There are frequently asked questions, and then there are very frequently asked questions. Regarding Justice Reinvestment, there has been no more frequently asked question than this: Can you appeal a CRV? We learned this morning that you cannot. The court of appeals held in State v. Romero that there is no right to appeal from a period of confinement in response to violation imposed under G.S. 15A-1344(d2).
Mr. Romero was a felony probationer who committed technical violations of probation in 2012. In response, the court ordered a 90-day CRV. The defendant appealed, but the State filed a motion to dismiss the appeal on the grounds that there is no statutory right to appeal a CRV.
The court of appeals agreed. The court noted that G.S. 15A-1347 allows a probationer to appeal only when the court “activates a sentence or imposes special probation.” Because CRV is neither of those things, and because a defendant’s right to appeal is purely a creation of state statute, the court concluded that there is no right to appeal a CRV. The court rejected the defendant’s argument that imposition of a CRV is a final judgment of a superior court, generally appealable under G.S. 7A-27(b).
In a footnote, the court declined to express any opinion about whether a different rule would apply to a so-called terminal CRV—that is, one that uses up the defendant’s entire remaining suspended sentence. Slip op. at 6 n. 1. Mr. Romero had additional time left to serve on his 6–8 and 18–22 month felony sentences, and so the court didn’t need to consider whether his 90-day CRV was a “de facto revocation” for purposes of G.S. 15A-1347.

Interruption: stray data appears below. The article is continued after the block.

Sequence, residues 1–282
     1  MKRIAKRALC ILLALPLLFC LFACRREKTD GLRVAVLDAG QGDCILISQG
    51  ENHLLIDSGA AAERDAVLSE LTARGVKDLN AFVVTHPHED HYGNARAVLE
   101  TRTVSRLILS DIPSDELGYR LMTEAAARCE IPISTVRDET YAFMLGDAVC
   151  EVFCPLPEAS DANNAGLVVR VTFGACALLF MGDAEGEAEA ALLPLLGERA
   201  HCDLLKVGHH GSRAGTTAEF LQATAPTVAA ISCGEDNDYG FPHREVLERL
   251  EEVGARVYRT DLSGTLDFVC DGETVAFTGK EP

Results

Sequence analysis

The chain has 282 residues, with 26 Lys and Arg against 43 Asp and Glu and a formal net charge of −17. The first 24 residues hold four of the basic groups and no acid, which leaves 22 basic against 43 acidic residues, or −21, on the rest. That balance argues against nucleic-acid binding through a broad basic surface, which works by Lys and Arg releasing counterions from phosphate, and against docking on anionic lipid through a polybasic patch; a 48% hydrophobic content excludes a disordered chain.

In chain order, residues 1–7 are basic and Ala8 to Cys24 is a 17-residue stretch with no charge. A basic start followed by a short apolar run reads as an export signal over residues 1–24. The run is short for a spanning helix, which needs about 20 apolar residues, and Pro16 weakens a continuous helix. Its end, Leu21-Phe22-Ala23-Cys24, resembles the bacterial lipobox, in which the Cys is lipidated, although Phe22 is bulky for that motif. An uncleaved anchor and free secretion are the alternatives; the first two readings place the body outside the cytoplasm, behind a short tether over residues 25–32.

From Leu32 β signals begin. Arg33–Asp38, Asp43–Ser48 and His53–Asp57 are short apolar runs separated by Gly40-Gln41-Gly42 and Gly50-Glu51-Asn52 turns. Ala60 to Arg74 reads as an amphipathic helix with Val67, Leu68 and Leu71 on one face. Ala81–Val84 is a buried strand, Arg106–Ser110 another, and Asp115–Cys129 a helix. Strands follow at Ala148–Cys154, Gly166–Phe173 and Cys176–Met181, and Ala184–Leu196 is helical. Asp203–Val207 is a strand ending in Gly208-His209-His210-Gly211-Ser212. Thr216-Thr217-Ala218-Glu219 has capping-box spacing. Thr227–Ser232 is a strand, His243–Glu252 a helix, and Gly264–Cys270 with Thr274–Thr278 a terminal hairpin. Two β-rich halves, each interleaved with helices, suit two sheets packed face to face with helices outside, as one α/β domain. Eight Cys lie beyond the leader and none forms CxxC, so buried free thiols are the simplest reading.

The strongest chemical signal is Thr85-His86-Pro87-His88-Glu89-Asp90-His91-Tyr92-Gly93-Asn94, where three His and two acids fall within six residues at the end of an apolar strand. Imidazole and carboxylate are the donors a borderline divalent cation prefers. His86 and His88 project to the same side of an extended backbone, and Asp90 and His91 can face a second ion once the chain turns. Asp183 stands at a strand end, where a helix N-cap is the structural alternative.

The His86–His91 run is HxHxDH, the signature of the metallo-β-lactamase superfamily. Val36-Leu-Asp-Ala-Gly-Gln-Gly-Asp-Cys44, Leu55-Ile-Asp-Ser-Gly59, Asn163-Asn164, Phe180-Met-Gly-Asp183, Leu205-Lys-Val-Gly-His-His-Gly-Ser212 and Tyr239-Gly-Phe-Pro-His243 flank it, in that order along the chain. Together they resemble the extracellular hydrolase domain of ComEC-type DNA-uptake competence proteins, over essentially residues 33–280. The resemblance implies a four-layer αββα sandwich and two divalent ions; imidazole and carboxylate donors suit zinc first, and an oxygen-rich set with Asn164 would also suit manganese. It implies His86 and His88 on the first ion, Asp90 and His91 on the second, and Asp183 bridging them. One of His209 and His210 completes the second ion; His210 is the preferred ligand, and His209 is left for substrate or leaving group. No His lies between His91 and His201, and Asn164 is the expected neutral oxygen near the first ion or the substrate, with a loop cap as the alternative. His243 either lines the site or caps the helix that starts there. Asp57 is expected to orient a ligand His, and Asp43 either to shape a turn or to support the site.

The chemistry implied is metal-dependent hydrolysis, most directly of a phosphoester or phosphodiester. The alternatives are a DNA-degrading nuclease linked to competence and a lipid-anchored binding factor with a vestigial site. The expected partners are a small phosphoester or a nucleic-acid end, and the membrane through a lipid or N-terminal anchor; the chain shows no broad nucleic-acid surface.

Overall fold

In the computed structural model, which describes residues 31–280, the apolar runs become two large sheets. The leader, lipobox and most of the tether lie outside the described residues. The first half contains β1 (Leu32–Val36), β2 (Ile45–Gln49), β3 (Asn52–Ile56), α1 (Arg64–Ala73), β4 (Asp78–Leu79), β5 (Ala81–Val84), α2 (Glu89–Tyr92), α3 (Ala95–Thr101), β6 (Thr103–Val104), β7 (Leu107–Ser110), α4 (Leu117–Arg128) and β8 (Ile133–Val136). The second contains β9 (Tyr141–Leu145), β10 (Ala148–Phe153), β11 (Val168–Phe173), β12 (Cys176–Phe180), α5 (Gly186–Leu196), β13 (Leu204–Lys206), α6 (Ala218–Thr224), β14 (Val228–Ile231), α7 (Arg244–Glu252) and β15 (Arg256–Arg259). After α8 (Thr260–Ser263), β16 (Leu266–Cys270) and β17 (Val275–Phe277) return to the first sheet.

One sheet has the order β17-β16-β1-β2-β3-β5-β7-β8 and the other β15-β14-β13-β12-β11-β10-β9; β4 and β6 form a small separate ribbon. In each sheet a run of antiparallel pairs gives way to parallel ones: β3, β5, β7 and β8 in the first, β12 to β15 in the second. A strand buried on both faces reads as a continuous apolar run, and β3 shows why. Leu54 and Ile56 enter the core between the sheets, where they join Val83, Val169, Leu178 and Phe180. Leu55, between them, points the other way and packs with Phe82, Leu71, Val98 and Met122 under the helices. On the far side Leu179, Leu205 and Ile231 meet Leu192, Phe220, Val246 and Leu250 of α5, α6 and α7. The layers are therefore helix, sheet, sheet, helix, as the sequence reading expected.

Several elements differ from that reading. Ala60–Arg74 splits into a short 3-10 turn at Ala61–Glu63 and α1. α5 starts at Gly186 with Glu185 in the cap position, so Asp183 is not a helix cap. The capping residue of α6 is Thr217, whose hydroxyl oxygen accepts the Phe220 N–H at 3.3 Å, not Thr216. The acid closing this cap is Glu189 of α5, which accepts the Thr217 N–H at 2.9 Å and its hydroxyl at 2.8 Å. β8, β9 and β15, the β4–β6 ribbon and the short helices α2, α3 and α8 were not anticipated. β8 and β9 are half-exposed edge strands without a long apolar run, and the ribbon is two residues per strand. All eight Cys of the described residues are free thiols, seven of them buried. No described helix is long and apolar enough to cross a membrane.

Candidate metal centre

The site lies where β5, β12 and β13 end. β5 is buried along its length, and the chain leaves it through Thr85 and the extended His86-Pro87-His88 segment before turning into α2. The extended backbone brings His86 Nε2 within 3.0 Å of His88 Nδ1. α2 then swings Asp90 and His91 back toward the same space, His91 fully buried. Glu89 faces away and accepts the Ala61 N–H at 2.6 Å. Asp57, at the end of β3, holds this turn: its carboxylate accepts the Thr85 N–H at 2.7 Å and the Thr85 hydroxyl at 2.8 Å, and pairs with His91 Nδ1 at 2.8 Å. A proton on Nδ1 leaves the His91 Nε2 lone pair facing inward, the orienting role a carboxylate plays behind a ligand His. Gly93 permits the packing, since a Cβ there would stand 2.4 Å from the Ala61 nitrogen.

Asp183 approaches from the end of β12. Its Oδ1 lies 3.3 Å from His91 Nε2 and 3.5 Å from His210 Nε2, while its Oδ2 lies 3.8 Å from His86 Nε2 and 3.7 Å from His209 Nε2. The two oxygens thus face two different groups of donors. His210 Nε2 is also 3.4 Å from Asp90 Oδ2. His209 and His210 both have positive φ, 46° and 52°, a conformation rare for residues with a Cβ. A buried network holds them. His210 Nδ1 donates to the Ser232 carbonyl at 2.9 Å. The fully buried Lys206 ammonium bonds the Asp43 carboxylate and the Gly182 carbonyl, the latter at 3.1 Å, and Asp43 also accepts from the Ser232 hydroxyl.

Romero involved an appeal from superior court to the appellate division, but the same rationale would seem to preclude de novo appeals from district to superior court. The same statute (G.S. 15A-1347) governs, and it likewise allows appeals from district to superior court only when the district court judge “activates a sentence or imposes special probation.” On the other hand, given the typical length of suspended sentences for misdemeanors, district court CRVs are much more apt to be terminal CRVs, and thus may constitute the type of “de facto revocation” on which the court of appeals expressly reserved judgment in Romero.
Notwithstanding Romero, I continue to think that other avenues of review may be possible for some errors related to CRV. I discussed those briefly in this prior post (FAQ number 14), and on pages 72–73 of the Justice Reinvestment Act book.